Exhibition Inquisition

The stuff you look at, but don't see.

Posts Tagged ‘Vincent Price

Christian Marclay’s The Clock

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LACMA

Last week, I attended (a portion) of LACMA’s 24-hour screening of the museum’s newly-acquired The Clock by Christian Marclay.  I watched the video work from 8:00 until a little after midnight, and LACMA’s Bing Theater was packed the entire time.  People shuffled out at the bottom of each hour, allowing more people in.  When I left at 12:15, there was still a line of eager museum visitors all the way down the side of the Art of the Americas building.  The Clock has been on view pretty much from the time it was acquired back in May, and just closed this past weekend.  If you didn’t get the opportunity to see it, fear not, I’m sure it will be back—it’s a huge crowd pleaser.

The (de)evolution of the leading lady?

The showing attracted a mixed bag of attendees; The Clock is more fun to watch in a diverse group of people.  Older viewers recognized clips I didn’t; there were big laughs for a dinner scene from The Odd Couple, and more laughs for a Vincent Price clip.  I held my own when I recognized a young Catherine Deneuve, a pivotal scene from Hitchcock’s Rope, and Dustin Hoffman in drag in Tootsie.  The oldtimers were stumped by a clip from Sex and the City.  Some clips I wanted to go on longer, but I quickly forgot about them because there were five or more news clips in the next minute. Read the rest of this entry »

Frank Lloyd Wright’s Ennis House

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Starchitecture

Textile Bricks.

Recognize this image?  You might, it’s been featured in numerous movies.  On the right is a concrete textile block from the Ennis House in Loz Feliz, on the left is what the brick originally looked like.  Suffice to say this brick, and the Ennis House at large needs lots of conservation, and I’m not just a little nip tuck.  How much is this browlift going to cost?—Well a bunch of stabilization work was done by the Ennis House Foundation to keep the house from slipping down the hill, but there is still an additional $5-7 million needed.  The additional conservation cost is probably the reason why the house sold for WAY below its initial asking price.  The Ennis House Foundation made the decision to sell the house to a private owner way back in June 2009 and put it on the market for $15 million.  There weren’t any biters, so in February 2010, the price was chopped to $10.5 million.  Still no takers, and another chop in May 2010 to $7.5 million.  The Ennis House has sat on the market at the price since.  Until last week when it was announced that supermarket magnate Ron Burke had purchased the Ennis House for just under $4.5 million.  Thanks Ron, one more price cut, and it could have been in my price range.  (Yes, all of these links have been to curbed, and here’s another one, full of pretty pictures.)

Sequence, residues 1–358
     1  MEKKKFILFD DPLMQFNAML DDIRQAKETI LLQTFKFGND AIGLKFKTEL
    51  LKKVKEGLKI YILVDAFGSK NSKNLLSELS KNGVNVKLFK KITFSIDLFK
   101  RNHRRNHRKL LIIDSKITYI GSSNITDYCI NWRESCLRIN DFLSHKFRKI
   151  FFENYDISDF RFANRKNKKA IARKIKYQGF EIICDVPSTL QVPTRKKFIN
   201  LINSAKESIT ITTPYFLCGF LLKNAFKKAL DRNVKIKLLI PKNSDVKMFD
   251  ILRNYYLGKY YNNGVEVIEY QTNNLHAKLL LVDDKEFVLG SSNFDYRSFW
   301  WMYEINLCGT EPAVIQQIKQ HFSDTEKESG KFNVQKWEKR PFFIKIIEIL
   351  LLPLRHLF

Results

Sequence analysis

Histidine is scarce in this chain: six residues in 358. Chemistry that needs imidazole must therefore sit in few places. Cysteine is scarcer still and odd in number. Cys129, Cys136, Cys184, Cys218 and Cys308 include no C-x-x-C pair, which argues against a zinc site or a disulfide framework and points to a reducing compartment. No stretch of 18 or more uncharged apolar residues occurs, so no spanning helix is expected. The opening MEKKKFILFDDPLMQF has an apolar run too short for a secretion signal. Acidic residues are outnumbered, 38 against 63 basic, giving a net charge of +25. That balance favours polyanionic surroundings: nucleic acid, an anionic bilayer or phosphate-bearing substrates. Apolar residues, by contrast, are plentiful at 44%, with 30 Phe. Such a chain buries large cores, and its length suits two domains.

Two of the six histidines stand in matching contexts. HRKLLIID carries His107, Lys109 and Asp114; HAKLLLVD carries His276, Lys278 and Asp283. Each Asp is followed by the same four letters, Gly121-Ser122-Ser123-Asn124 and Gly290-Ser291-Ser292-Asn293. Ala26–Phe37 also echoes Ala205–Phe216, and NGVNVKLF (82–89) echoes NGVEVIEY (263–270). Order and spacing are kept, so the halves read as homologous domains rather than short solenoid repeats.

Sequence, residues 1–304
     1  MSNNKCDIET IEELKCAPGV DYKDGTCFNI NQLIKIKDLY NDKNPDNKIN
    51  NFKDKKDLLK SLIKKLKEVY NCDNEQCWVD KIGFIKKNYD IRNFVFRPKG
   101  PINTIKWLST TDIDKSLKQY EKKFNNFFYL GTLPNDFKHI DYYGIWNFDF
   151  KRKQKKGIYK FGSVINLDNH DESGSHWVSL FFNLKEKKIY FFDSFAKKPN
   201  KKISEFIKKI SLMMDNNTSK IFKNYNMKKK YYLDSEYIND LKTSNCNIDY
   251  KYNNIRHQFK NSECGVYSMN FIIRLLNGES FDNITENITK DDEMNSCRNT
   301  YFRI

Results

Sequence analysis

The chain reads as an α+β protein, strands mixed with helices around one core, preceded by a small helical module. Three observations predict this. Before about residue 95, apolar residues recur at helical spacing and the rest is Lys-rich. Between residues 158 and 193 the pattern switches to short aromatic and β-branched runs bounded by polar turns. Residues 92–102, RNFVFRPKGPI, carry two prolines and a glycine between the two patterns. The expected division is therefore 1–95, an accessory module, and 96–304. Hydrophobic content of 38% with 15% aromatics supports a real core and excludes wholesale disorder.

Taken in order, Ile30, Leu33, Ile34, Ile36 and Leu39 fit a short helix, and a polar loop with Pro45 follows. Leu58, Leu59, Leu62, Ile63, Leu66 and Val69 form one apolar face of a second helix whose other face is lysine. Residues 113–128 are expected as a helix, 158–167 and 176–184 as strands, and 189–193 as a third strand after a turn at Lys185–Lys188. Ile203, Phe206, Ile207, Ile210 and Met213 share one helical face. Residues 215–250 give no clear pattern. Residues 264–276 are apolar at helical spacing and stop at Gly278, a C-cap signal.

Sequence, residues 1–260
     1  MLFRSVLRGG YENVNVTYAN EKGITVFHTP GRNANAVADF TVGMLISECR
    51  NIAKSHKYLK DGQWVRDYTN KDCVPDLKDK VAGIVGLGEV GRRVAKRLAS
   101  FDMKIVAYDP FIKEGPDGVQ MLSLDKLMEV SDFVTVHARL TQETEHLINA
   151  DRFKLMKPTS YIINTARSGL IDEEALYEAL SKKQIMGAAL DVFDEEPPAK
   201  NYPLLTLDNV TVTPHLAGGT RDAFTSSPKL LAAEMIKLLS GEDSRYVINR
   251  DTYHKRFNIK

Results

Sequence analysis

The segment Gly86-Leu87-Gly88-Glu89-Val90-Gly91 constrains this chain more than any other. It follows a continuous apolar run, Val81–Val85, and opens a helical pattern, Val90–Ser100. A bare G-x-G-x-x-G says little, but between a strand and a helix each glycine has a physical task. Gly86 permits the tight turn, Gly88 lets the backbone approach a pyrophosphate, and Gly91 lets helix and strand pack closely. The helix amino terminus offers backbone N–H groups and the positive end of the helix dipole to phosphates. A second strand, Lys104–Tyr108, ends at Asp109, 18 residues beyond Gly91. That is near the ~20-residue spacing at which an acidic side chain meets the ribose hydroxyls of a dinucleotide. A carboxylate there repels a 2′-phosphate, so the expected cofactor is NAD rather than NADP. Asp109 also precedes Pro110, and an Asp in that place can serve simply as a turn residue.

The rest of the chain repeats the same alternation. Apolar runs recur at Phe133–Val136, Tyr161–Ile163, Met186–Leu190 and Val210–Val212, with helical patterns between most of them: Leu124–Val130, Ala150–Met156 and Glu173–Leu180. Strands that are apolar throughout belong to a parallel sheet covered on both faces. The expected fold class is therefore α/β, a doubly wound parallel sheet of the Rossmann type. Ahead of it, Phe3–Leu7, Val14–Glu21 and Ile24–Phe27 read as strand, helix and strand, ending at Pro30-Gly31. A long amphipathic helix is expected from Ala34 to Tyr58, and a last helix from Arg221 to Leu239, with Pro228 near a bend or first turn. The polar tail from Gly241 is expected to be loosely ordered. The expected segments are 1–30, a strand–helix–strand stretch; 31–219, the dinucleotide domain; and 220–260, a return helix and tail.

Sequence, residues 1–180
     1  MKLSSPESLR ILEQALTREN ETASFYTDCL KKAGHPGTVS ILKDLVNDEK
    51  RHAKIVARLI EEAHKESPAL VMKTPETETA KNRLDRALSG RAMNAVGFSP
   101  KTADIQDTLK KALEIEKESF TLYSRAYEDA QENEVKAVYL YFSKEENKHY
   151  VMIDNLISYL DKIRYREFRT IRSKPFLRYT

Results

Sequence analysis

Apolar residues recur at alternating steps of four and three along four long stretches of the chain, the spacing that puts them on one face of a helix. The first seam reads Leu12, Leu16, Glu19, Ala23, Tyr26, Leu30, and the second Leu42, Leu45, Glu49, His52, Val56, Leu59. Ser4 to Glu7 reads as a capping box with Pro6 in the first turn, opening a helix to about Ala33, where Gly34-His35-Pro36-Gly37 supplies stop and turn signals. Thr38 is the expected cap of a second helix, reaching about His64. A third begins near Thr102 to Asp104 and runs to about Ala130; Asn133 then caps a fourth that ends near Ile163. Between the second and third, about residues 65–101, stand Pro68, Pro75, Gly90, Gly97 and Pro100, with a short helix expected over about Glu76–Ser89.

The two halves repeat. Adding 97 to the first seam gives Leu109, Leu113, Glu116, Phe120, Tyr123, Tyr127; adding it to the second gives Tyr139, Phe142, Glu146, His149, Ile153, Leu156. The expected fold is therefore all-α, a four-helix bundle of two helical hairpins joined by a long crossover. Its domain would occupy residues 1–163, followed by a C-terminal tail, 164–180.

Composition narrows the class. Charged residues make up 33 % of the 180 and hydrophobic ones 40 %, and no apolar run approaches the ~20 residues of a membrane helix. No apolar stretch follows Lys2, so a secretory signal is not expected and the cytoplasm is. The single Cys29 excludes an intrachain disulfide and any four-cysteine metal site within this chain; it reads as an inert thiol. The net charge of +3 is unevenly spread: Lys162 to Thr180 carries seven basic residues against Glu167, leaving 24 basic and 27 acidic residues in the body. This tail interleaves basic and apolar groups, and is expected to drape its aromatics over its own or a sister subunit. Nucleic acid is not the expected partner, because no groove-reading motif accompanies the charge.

And in case you still don’t recognize the Ennis House, here are some of the Ennis House’s onscreen appearances:

21st Century apartment.

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